At Ford Fest, the giant barbecue/campaign event/hetero pride party that was held in Etobicoke (and later also in Scarborough), party-goers were welcome to hot dogs, hamburgers and a healthy dose of homophobia. When a group of LGBT protesters crashed one, they were subjected to physical and verbal attacks from attendees. One of Ford’s staunchest supporters, the inimitably awful Ron Banerjee, grabbed the throat of a protester. People chanted, “He believes in Adam and Eve, not Adam and Steve.” They ripped signs apart to applause. Ford apologized, but insisted that “we have to move on.”

5) Pride flag

Russia is a bad place to be a queer person these days. So it made sense that the 519 Community Centre would ask that the rainbow flag be flown in support of LGBT athletes during the Sochi Olympics in 2014. But Ford railed against the decision.

“The bottom line is, again, this is about the Olympics, this is about supporting our athletes,” said Ford. Unless those athletes happen to be LGBT, of course.

6) Transphobia

It’s not that Ford disliked trans people. He just didn’t understand them.

“People might think this is funny but I don’t know what it means. I know what lesbian, gay, bisexual. Transsexual and transgendered, can you explain what that means?” he said during a 2005 council meeting. “Because there’s a group here that says Lesbian Gay Bisexual Trans-sexual Transgendered Pride Toronto and I don’t know what a transsexual or transgendered is.”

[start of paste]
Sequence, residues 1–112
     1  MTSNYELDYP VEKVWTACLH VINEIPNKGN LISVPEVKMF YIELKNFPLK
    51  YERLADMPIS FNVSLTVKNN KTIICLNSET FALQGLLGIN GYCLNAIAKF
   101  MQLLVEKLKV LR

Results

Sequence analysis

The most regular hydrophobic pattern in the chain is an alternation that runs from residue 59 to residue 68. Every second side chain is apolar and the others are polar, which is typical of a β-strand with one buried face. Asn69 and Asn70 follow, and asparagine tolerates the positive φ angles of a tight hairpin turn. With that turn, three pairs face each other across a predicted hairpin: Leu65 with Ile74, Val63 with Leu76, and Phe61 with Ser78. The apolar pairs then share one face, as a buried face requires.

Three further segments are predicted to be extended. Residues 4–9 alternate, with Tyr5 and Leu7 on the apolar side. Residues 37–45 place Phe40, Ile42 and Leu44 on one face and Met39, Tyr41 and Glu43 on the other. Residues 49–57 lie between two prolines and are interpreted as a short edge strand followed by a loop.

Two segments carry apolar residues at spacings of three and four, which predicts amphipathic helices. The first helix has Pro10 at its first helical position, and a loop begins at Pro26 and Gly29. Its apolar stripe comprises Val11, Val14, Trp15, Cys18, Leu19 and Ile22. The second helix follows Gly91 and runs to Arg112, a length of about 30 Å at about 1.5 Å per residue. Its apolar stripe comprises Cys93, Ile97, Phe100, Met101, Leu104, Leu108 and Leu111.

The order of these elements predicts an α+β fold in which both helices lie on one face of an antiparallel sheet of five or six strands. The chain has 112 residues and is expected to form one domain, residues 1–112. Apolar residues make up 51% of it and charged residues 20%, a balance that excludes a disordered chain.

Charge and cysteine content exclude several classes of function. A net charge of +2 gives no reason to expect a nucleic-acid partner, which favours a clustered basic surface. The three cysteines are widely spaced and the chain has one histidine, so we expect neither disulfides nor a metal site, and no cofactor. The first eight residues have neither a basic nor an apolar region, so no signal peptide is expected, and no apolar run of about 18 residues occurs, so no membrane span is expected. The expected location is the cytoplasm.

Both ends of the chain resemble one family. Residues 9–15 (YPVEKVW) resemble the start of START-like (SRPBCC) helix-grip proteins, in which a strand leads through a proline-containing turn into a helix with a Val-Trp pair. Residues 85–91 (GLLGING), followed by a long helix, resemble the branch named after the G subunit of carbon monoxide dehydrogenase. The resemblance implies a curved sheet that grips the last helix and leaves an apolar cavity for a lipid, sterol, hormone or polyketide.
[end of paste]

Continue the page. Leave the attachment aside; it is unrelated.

“Number 1, I don’t understand a transgender, I don’t understand. Is it a guy dressed up like a girl or a girl dressed up like a guy?”

Of course, transgender people weren’t the only thing he didn’t understand. Immediately after his comments, he also confessed he was confused by the concept of “racism.”

7) Sex education

The man that cheerily told the world that he never told a female staffer that “I want to eat your pussy” because “I have more than enough to eat at home” was disgusted by the Ontario government’s sex education plan because his young children “should not be talking about what anal sex is or what a blowjob is.” Never mind that that’s not actually what’s in the sex education curriculum. “It makes me sick to my stomach,” he said.

8) Endorsements

Considering his many homophobic statements and actions, it’s no surprise Ford would support homophobic candidates. In 2010, he gave a rousing endorsement of Wendell Brereton who was running for city council. Brereton believed that same-sex marriage was destroying democratic civilization. Ford said he liked his low tax agenda.

9) Rants during drunken stupors

Ford called Justin Trudeau a “fag” in the infamous crack video. He called Bill Blair a “cocksucker” at Steak Queen. Enough said.

10) Supporters

Probably the worst thing for queer people to came out of Ford’s reign was the vitriol expressed by his supporters. They called city councillor Kristyn Wong-Tam a “fucking faggot” at City Hall and mailed her threats. They attacked protesters at Ford Fest. They ran ads saying that people shouldn’t vote for George Smitherman because he was married to a man. Rob Ford made the homophobes feel like they had a leader they could rally around and they wouldn’t have to keep their hateful views to themselves.

(Daily Xtra file photos)

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Power, Politics, Opinion, Toronto